Mortgage Servicing Fraud
occurs post loan origination when mortgage servicers use false statements and book-keeping entries, fabricated assignments, forged signatures and utter counterfeit intangible Notes to take a homeowner's property and equity.
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DMC
Hey there,

Hope someone familiar with AZ case law can help me out. 

I'm responding to a Motion for Summary Judgment and trying to find case law that supports the standing of a homeowner to question the way a loan was transferred into and out of a MBS trust in violation of the terms of the PSA for the trust.

The opposing counsel is using in RE MERS Litigation, 2011 US Dist. 2011 (D. Ariz. Oct 3, 2011), Silving v. Wells Fargo Bank, N.A., 2012 U'S. Dist. (D. Ariz. Jan 18, 2012) and Graham-Miller v. Nationstar Mortgage, LLC, 2012 U.S. Dist. (D. Ariz. June 21, 2012) to say we don't have standing to challenge the validity of several documents in and out of the trust because they didn't affect our substantive rights under the loan and we were not parties to the documents.

Is there any case law out there that supports a homeowners right to question the legal authority of the foreclosing party based on the discrepancies in the PSA and the assignments into and out of it?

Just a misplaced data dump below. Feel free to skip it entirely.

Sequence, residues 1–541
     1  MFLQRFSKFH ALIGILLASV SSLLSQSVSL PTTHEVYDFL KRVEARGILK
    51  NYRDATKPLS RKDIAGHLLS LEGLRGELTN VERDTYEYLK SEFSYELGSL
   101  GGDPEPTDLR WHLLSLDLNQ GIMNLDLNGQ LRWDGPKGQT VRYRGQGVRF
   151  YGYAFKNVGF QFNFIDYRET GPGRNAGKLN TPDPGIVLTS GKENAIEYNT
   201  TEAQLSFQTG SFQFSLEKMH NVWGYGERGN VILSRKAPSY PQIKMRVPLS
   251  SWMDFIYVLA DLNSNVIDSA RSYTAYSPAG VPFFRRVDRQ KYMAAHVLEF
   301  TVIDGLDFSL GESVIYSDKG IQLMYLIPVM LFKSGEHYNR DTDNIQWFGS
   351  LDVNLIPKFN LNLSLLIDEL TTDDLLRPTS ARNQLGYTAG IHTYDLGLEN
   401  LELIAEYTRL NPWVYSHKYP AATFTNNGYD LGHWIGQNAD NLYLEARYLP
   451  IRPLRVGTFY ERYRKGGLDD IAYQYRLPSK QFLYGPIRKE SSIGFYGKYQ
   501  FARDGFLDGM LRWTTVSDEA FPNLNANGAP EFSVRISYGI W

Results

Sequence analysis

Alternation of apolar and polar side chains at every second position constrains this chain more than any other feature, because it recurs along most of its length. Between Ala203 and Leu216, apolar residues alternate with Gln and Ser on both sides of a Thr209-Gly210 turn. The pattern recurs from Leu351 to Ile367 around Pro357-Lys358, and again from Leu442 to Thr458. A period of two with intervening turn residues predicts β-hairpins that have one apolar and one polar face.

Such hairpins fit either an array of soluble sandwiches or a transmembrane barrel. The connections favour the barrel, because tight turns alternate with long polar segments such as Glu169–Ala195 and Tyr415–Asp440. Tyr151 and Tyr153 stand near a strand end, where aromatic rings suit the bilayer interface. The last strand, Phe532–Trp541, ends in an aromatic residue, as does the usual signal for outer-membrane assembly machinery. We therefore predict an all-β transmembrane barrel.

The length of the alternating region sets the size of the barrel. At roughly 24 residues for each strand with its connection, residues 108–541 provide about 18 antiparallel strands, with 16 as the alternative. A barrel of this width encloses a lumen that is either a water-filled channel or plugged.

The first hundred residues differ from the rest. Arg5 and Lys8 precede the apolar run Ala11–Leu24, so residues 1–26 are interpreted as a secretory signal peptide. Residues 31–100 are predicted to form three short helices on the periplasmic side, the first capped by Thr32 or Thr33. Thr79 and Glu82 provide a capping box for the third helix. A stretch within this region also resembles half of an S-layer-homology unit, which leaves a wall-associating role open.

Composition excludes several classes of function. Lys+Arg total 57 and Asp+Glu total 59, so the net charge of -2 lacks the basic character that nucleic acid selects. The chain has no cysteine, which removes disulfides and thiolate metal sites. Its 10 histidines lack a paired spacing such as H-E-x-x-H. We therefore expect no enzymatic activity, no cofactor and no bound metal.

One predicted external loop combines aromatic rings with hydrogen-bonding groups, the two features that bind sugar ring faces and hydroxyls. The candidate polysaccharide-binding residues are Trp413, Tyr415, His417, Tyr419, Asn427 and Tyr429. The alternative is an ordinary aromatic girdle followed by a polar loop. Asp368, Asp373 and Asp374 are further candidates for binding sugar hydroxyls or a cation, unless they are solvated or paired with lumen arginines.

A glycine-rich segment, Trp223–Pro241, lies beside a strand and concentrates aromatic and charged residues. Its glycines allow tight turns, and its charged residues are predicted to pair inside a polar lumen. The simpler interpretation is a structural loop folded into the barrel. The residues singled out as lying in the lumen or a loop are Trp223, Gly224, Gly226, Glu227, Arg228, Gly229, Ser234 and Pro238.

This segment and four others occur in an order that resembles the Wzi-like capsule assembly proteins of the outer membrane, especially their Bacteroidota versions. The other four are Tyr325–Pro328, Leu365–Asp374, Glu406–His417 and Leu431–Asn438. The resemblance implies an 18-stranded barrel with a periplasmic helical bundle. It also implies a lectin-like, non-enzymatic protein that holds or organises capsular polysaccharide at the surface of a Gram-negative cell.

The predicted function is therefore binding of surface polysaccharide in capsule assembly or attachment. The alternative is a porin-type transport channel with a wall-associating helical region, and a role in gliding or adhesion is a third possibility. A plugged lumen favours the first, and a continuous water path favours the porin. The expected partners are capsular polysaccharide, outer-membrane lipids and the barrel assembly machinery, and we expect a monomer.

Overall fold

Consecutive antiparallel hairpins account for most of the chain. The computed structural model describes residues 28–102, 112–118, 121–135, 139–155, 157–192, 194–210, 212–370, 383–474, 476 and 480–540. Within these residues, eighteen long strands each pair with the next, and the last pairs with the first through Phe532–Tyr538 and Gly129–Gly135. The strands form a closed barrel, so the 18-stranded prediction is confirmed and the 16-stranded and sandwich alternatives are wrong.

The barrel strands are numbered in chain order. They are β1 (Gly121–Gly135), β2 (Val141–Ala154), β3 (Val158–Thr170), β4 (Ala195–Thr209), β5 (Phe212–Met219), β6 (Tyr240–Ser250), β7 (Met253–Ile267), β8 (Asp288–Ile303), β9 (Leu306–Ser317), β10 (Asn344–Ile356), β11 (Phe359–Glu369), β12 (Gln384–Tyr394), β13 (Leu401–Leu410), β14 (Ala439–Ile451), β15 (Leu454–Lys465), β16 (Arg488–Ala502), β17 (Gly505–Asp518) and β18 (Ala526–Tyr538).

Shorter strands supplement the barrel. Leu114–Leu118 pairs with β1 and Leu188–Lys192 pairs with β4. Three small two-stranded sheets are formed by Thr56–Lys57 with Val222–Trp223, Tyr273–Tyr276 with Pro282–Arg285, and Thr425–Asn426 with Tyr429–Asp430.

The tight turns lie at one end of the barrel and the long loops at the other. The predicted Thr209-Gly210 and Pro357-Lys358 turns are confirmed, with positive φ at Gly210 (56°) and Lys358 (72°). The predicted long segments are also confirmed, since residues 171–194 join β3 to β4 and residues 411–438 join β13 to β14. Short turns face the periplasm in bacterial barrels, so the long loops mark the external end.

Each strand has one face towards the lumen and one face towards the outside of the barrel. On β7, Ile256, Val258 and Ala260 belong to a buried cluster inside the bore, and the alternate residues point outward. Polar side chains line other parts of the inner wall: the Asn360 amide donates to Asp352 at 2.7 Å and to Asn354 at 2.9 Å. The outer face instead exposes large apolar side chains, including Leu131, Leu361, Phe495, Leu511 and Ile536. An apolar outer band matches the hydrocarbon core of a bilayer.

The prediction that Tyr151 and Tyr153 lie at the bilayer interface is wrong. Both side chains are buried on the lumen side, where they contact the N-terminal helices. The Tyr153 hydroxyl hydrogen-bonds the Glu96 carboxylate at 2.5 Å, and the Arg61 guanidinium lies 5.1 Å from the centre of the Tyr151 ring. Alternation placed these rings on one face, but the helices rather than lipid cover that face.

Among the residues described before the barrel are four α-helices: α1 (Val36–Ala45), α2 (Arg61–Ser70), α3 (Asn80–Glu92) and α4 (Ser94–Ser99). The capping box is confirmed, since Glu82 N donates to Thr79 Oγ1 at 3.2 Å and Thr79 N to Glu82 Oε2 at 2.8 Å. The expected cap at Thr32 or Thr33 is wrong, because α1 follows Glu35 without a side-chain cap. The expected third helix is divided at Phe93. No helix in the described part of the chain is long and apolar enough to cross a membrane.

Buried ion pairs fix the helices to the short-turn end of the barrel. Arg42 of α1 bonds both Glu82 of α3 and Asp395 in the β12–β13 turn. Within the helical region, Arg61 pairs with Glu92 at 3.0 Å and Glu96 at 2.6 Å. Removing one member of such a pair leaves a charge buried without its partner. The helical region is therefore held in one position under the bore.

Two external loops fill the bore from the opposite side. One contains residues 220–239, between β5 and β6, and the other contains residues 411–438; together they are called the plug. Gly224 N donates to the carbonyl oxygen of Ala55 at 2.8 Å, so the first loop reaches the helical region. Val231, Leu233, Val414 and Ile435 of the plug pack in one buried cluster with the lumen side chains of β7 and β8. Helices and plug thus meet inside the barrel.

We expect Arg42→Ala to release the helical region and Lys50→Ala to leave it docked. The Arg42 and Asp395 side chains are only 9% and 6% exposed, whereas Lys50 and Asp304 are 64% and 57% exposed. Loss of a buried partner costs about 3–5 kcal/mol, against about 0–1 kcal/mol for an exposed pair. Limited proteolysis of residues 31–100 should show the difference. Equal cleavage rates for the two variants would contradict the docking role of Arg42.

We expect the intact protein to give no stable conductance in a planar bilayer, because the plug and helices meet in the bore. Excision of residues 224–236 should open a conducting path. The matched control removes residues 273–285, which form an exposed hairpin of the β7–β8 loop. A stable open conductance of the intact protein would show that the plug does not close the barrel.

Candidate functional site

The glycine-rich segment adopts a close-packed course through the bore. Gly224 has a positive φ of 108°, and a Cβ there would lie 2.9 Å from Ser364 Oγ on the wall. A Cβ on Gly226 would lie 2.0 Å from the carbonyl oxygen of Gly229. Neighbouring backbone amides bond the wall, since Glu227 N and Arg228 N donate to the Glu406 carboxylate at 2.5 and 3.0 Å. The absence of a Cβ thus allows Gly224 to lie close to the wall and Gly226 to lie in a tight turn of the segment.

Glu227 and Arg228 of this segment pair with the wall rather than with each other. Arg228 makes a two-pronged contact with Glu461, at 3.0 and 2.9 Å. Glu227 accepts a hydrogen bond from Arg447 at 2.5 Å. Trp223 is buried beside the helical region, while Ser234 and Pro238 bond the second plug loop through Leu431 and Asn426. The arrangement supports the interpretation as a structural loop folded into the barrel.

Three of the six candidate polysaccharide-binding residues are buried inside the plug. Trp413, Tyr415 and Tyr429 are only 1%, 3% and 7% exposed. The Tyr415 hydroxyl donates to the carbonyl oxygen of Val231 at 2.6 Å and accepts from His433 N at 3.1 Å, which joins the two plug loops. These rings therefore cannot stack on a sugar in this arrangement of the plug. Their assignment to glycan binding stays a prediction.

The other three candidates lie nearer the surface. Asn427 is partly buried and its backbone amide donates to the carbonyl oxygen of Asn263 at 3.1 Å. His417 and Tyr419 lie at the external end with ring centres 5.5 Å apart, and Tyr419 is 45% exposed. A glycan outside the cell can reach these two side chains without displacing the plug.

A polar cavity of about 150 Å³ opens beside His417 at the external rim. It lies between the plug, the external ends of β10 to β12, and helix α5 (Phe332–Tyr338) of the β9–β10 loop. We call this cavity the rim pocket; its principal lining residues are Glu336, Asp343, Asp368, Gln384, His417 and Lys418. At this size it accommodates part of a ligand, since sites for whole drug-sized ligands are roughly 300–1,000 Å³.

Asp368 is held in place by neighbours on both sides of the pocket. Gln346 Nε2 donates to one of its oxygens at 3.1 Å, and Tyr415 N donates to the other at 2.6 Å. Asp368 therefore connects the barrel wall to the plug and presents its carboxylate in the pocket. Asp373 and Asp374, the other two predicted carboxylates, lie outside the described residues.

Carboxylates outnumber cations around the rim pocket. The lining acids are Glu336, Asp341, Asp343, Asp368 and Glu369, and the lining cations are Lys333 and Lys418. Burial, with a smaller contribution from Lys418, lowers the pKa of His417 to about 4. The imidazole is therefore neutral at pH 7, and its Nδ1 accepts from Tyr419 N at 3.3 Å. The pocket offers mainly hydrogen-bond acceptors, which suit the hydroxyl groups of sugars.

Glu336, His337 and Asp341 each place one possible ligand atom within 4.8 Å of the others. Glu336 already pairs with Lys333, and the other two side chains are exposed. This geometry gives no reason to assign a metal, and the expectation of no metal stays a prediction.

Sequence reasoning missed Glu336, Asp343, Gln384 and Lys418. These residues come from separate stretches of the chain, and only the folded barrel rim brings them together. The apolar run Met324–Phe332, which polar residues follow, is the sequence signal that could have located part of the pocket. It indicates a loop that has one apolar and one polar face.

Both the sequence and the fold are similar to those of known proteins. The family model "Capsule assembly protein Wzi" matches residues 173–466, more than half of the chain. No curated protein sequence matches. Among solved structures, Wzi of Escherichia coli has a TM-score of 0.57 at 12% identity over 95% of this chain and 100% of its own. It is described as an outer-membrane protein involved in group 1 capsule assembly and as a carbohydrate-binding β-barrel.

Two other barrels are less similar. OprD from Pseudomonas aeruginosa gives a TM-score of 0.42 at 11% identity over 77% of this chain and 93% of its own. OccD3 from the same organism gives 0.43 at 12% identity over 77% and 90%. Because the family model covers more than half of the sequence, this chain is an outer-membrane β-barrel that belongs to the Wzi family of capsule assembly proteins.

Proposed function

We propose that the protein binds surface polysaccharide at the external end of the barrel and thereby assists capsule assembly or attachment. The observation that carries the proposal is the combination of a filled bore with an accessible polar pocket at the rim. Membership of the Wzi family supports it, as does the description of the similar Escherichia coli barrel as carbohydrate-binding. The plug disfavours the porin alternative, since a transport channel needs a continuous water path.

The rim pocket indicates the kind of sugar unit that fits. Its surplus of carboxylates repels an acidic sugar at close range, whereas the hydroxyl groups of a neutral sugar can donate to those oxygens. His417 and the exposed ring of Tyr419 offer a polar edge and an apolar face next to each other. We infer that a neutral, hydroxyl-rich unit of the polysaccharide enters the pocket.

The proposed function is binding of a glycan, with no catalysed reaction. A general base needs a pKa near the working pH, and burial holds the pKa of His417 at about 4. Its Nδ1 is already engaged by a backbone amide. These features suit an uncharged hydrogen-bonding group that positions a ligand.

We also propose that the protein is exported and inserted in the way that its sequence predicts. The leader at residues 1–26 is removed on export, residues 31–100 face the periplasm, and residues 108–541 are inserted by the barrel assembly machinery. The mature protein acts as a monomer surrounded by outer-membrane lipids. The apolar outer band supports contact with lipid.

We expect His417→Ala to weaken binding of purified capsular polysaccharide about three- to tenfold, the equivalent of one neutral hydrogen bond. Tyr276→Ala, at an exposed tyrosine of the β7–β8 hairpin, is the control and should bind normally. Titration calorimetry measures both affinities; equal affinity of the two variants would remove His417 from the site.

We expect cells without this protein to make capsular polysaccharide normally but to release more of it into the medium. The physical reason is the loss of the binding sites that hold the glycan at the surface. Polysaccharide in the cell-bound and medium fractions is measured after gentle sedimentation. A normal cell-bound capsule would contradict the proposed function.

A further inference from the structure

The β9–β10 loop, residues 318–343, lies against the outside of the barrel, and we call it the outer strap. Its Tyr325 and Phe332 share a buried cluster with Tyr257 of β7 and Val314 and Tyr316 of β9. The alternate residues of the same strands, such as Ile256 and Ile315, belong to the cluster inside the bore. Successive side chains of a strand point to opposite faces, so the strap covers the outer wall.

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DMC wrote:
Hey there,

Hope someone familiar with AZ case law can help me out. 

I'm responding to a Motion for Summary Judgment and trying to find case law that supports the standing of a homeowner to question the way a loan was transferred into and out of a MBS trust in violation of the terms of the PSA for the trust.

The opposing counsel is using in RE MERS Litigation, 2011 US Dist. 2011 (D. Ariz. Oct 3, 2011), Silving v. Wells Fargo Bank, N.A., 2012 U'S. Dist. (D. Ariz. Jan 18, 2012) and Graham-Miller v. Nationstar Mortgage, LLC, 2012 U.S. Dist. (D. Ariz. June 21, 2012) to say we don't have standing to challenge the validity of several documents in and out of the trust because they didn't affect our substantive rights under the loan and we were not parties to the documents.

Is there any case law out there that supports a homeowners right to question the legal authority of the foreclosing party based on the discrepancies in the PSA and the assignments into and out of it?


It appears the Plaintiff's counsel are pretty much on point with their cases and are correct.  This has been discussed several times.  You are NOT a party to the PSA and cannot enforce it's provisions.  I don't think there is case law that supports your position in ANY jurisdiction.  You should focus on arguments that you can support and will preclude SJ.
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